Meritor Inc. (NYSE: MTOR) reported coronavirus pandemic-impacted losses in its fiscal third quarter despite layoffs and pay cuts.
The supplier of commercial vehicle and industrial drivetrains, as well as mobility, braking and aftermarket components lost $36 million, or 50 cents per diluted share, in the April-June period. That compared to income of $86 million, or $1 per diluted share, in the same quarter of 2019.
The adjusted loss from continuing operations was $34 million, or a loss of 47 cents per adjusted diluted share. Adjusted earnings before interest, taxes, depreciation and amortization (EBITDA) were $7 million, a 1.4% margin of sales compared to a 12.5% margin a year ago.
Meritor posted sales of $514 million, down $652 million, or approximately 56%, from the same period last year. The decrease in sales was primarily due to lower market volume.
The decline in demand, coupled with government mandates resulting from the COVID-19 pandemic, led Meritor to idle most of its plants in April. They slowly restarted in May. And production increased throughout the rest of the quarter. Commercial truck sales were $336 million, down $589 million, or 64%, compared to the same period last year.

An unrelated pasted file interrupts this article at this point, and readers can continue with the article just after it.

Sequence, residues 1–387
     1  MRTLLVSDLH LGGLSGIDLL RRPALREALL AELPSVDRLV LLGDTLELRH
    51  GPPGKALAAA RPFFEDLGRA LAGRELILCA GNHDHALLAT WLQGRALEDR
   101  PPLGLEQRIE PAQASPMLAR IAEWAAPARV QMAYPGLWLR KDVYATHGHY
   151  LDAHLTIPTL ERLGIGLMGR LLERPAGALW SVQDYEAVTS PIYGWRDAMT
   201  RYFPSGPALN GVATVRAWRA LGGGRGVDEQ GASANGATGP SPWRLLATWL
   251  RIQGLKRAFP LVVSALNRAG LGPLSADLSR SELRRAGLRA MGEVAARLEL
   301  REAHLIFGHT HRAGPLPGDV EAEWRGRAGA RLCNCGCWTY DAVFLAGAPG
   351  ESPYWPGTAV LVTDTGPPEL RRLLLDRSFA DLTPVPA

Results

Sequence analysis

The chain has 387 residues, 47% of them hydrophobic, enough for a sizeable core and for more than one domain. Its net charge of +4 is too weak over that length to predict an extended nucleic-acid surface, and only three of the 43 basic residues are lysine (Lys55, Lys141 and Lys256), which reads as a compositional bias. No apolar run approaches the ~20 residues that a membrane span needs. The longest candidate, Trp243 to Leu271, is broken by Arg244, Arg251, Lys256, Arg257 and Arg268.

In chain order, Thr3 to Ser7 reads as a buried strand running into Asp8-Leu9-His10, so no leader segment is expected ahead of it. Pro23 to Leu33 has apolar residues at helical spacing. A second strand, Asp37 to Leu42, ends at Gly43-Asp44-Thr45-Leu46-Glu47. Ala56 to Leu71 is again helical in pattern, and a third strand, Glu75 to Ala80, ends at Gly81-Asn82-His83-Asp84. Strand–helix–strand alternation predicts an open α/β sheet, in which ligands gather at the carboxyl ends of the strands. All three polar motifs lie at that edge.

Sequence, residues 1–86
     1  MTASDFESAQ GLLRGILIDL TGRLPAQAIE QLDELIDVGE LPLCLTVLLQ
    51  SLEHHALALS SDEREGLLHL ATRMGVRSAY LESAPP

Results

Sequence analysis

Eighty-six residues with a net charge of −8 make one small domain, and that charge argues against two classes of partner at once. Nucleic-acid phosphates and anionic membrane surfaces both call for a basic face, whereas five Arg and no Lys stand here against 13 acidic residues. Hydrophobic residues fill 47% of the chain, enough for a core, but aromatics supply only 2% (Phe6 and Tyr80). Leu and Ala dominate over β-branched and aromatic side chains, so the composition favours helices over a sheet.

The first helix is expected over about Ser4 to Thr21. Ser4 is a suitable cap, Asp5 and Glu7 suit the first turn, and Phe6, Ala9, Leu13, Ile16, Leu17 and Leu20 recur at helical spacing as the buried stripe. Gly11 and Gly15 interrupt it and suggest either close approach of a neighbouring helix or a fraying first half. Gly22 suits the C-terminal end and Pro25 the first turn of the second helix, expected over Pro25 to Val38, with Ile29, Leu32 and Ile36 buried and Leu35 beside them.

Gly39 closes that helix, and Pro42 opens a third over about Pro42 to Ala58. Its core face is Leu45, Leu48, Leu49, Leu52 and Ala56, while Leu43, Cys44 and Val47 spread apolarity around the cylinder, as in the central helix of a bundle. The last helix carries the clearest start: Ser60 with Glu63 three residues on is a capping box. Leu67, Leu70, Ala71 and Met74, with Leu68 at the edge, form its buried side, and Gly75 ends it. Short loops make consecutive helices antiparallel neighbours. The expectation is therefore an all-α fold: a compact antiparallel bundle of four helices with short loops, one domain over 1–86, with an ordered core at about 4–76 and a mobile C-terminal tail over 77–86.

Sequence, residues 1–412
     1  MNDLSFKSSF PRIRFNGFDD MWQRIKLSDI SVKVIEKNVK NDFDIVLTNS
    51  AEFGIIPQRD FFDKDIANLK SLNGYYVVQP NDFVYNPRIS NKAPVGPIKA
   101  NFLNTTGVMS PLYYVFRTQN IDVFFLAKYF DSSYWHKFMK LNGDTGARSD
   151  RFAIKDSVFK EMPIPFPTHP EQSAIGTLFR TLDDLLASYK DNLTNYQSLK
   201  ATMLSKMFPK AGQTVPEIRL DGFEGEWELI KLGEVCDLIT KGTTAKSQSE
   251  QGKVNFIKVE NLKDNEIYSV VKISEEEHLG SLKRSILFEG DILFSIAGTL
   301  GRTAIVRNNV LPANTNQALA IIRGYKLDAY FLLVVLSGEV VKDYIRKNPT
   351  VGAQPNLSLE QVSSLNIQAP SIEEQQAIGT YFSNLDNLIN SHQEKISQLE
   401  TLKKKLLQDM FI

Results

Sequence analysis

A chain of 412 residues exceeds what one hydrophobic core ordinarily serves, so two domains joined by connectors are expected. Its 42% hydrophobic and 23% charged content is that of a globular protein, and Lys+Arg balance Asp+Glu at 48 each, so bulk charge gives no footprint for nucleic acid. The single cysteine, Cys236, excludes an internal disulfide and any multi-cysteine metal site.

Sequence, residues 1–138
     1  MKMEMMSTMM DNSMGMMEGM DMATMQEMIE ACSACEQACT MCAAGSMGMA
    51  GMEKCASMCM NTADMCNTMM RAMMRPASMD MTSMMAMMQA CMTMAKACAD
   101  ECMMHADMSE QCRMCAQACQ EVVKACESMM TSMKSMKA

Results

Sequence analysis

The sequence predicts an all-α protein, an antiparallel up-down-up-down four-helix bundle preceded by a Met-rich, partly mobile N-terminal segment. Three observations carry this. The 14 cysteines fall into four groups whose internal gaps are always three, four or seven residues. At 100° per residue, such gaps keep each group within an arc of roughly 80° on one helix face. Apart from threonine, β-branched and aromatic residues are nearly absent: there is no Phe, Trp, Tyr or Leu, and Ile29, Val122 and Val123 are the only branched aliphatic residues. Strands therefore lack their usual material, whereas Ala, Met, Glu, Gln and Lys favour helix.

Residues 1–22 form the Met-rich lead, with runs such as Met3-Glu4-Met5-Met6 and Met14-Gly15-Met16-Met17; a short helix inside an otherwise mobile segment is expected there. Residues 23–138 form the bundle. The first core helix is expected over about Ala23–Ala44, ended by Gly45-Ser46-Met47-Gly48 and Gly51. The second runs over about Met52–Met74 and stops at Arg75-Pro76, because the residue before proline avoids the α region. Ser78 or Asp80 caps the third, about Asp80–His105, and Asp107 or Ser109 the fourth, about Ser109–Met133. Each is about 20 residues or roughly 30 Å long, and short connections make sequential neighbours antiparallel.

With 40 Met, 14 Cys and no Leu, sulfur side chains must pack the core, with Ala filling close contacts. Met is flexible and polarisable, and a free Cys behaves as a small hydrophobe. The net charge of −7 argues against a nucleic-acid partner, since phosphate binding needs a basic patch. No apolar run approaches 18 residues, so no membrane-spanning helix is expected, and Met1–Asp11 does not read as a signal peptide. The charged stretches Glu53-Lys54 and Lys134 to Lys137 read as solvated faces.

Meritor is cutting 230 salaried positions globally by the end of the year. Restructuring costs from those cuts nicked earnings. The company was among the first industrial companies to cut salaries. It partially restored the reductions in June.
“We took aggressive actions to reduce our cost structure in the short-term to preserve liquidity and stabilize cash flow,” Jay Craig, Meritor president and CEO, said in a statement. “At the same time, we are making the appropriate investments to ensure the company is in a strong product position for the future.”
Meritor burned through $102 million in operating cash during the quarter compared to adding $143 million in the same quarter a year ago. Free cash flow was negative $114 million. That compared to positive $124 million a year earlier.
Of the total decline in operating cash flow, $124 million involved lower balances available under accounts receivable factoring.
The company had $970 million of total liquidity at the end of June. This includes $280 million in cash and $690 million of available borrowing. Meritor issued $300 million of 6.25% unsecured senior notes due 2025. Proceeds plus cash were used to repay a $304 million balance under the company’s senior secured credit facility.
The fourth fiscal year should show improvement, Meritor said. It projects sales of approximately $700 million with a net loss of approximately $10 million, or 15 cents per fully diluted share. Operating cash flow should swing back to positive territory at $65 million with free cash flow of approximately $25 million.